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Oil Heads for Biggest Weekly Gain in Seven on Trade War Optimism


By Tsuyoshi Inajima and Alex Longley

(Bloomberg) Oil headed for its biggest weekly increase since mid-July after a sizable drop in American crude inventories and an apparent pause in U.S.-China trade hostilities eased demand fears.

Futures in New York fell 0.7% on Friday but are up 4% for the week. China said Thursday that it wouldn’t immediately retaliate against the latest White House tariff increase, spurring optimism that Beijing wants to reach a deal. Traders were watching for any disruptions from Hurricane Dorian, which was forecast to become a major storm later on Friday as it heads toward Florida.

WTI is poised for the biggest weekly gain since mid-July

“There’s discussions about China and the U.S., but right now we are starting to be in the period where the tropical weather is an increasing factor,” said Olivier Jakob, managing director at Petromatrix GmbH.

Despite this week’s gains, oil remains under pressure as the outlook for the global economy continues to be weak and the U.S. pumps out crude at record-high levels. The Organization of Petroleum Exporting Countries and its allies said this week they expect to deplete the global oil surplus with their cuts, and falling inventories in America are indicating some level of success.

West Texas Intermediate for October delivery declined 38 cents to $56.33 a barrel on the New York Mercantile Exchange as of 8:56 a.m. local time. The contract is heading for the biggest weekly gain since July 12.

Brent for October settlement, which expires Friday, lost 8 cents, or 0.1%, to $61 a barrel on the ICE Futures Europe Exchange, and is up 2.8% this week. The global benchmark crude traded at a $4.50 premium to WTI on Friday.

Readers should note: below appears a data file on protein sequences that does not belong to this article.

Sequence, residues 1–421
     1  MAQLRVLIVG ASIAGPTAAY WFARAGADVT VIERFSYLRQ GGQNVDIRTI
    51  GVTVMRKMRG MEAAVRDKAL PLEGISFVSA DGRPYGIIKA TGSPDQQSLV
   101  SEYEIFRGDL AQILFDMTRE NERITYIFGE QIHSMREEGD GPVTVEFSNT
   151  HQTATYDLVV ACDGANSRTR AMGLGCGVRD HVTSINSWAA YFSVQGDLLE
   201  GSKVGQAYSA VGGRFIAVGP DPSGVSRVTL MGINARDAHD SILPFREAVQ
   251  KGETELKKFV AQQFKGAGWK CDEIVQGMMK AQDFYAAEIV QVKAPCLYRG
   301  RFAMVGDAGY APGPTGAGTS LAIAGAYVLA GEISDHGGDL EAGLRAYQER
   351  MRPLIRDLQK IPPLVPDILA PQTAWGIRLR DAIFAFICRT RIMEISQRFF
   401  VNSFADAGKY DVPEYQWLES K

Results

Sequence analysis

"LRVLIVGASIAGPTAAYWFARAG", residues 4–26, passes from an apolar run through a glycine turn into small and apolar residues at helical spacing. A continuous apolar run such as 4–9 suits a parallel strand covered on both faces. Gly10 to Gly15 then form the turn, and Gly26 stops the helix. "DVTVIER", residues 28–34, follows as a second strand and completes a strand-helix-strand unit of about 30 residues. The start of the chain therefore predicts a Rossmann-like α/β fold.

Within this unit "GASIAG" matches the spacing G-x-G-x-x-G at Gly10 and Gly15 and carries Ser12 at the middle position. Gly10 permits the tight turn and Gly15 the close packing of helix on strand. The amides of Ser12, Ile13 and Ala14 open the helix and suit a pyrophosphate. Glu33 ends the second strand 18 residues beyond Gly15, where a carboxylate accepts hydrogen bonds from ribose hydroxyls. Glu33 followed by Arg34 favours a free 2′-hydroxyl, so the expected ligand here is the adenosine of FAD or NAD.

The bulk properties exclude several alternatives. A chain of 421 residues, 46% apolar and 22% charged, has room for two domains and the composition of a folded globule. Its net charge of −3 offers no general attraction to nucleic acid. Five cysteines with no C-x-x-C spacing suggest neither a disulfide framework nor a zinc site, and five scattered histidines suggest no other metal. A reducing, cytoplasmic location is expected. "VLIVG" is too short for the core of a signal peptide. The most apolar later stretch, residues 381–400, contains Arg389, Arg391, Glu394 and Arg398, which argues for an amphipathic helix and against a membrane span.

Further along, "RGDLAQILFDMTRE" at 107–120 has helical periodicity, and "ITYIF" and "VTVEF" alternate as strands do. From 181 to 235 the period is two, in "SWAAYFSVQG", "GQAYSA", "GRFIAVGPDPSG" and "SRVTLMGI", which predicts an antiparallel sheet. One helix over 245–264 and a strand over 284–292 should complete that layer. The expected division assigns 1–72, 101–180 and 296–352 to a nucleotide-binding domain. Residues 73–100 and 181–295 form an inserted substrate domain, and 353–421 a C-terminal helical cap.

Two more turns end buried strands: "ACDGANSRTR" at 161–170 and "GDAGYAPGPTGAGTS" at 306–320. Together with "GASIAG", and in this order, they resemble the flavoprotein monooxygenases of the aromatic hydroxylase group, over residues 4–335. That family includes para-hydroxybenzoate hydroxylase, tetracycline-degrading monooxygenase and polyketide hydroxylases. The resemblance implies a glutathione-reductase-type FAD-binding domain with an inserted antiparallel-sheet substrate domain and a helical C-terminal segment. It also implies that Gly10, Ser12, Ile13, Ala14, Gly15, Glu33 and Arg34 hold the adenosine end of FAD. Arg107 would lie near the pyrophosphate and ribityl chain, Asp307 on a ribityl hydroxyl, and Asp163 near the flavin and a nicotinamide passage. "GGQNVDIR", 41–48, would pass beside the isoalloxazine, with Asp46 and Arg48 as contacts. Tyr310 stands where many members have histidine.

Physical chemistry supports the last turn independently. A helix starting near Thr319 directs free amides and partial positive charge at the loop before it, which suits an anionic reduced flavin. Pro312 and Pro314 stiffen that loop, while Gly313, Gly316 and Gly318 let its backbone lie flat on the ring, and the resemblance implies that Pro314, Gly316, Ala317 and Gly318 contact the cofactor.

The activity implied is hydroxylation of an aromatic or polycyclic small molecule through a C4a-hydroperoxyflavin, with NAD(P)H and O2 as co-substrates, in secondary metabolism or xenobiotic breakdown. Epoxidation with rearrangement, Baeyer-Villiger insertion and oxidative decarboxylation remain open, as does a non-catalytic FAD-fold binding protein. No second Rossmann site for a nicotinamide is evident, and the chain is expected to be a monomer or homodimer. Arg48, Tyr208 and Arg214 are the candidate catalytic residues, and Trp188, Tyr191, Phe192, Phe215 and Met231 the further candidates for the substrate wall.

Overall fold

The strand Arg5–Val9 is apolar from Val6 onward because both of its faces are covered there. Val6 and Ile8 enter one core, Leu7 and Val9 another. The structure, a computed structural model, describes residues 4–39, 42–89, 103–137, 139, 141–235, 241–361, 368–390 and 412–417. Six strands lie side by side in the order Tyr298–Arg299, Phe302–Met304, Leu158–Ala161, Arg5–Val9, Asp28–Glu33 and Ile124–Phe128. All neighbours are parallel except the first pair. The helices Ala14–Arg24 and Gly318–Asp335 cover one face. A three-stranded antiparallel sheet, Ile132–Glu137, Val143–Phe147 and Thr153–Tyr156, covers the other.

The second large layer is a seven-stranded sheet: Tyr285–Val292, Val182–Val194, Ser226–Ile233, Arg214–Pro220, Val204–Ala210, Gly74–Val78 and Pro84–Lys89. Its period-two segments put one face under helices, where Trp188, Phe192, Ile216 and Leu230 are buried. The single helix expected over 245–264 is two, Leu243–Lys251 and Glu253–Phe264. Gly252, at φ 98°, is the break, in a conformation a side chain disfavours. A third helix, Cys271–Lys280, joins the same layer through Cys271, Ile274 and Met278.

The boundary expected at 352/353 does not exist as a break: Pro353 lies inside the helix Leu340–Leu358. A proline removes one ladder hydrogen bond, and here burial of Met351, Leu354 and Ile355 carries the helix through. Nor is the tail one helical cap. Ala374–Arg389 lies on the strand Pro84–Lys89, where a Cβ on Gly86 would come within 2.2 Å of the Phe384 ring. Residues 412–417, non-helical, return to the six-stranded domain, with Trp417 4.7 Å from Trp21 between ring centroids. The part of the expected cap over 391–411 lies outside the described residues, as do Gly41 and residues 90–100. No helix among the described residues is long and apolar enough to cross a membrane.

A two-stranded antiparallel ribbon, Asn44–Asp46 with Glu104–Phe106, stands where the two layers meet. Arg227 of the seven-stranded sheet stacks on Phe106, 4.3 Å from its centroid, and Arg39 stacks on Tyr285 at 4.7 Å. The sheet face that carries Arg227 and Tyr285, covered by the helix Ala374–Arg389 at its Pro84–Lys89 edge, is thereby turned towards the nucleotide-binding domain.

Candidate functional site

President Donald Trump said in a Fox News radio interview Thursday that the U.S. and China were scheduled to hold trade talks. He didn’t give further details, and there was no subsequent confirmation that the meeting took place. Trump also said that tariffs are working and that he wasn’t going to give up.

Traders are also keeping an eye on Hurricane Dorian that’s now expected to become a Category 4 storm and make landfall on Florida’s east coast, the first major hurricane to hit the area in 15 years. If the storm only strikes Florida it will likely be bearish for crude prices as it will stymie demand, according to UBS Group AG analyst Giovanni Staunovo. However, if it moves into the Gulf of Mexico, it could cut U.S. output and lift prices, he added.

Other oil-market news:
  • Equinor ASA sent an October loading program to traders for its giant Johan Sverdrup oil field, suggesting a potential early start even as the company maintained its November schedule.
  • China’s oil majors wrapped up a first half that rewarded exploration and production and punished refining.
  • The supertanker Adrian Darya 1, which the U.S. is seeking to seize for carrying Iranian oil, started again signaling Turkey as a destination.


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